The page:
Tag Archives: Argentine

Gnocchi on the 29th of Each Month

“As kids, my mom would make gnocchi once a month. It was always on the 29th of the month. They were always homemade and extremely labor intensive, so it would take her all day to make them. She had this custom that everyone would sit down that the table, and she would put a dollar under each plate. It was supposed to bring good luck with money, and it could only be done on the 29th of the month, but I have no idea why.”

Background Information and Context:

Unable to explain why the tradition exists, she called her mom to ask. While the phone was ringing, she theorized that it could be a family tradition from their Italian roots. The informant came to America when she was young, but generations of her originally Italian family lived in Argentina. When her mother picked up, she received the simple explanation that it was just something that her mom did, her grandmother did, and in Argentina they still do it. A cursory Google search revealed that the tradition of making Gnocchi on the 29th occurred because people were paid on the 1st of each month and potatoes and flour were all they had to cook with by the end of the month.

Collector’s Notes:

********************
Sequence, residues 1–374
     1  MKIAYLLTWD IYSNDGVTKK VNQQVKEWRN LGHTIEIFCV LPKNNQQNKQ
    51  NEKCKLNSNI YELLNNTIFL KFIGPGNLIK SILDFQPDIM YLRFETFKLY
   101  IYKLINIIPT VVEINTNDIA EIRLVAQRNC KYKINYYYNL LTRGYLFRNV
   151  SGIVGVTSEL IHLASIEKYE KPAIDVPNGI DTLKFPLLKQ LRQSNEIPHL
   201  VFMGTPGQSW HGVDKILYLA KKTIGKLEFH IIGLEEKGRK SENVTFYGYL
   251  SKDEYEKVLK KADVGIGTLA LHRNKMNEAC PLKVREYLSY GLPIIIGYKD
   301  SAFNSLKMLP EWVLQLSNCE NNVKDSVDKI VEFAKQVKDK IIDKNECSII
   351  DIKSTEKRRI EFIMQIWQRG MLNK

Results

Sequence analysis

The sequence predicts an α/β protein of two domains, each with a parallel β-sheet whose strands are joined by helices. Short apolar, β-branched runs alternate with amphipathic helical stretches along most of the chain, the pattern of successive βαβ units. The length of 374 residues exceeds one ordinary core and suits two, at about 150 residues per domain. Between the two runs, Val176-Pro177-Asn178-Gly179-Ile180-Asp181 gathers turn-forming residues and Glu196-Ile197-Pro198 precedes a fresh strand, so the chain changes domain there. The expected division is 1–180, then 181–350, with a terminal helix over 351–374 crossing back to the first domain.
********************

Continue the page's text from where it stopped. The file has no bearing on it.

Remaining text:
Some of our most valued traditions are ones whose origins are unknown to us. Especially when the tradition is introduced as a child, it can become ingrained into our lives for the simple fact that it is fun and brings fond memories. Food is especially good at doing this. As shown by the informant’s mother’s simple explanation, it is not necessary to have or to be able to share a full explanation of a tradition in order to engage in it and share it with others. This tradition is interesting because it shows the multiculturalism of Argentina by incorporating a traditionally Italian food into a monthly Argentine ritual.

For another example of Argentine gnocchi, see “The Story Behind Gnocchi Day in Argentina” on Food Republic.

Month-Long Vacations for Argentines

“In Argentina, when people go on vacation, they take a whole month of vacation. When people say they are going on vacation, they’re gone a whole month. A lot of people will come to the states to Miami. A lot of them will go to Brazil. That’s a popular place to vacation. Some will go to Europe, like Spain. They don’t joke around with vacation in Argentina. They have the right idea, and I think we need more of that here. Most people have their own businesses, so it’s not uncommon to pick a month, usually in the summer, and take a vacation. It’s impossible to get anything done in the summer in Argentine. It’s a completely different way of life in Argentina that you wouldn’t understand if you haven’t lived there.”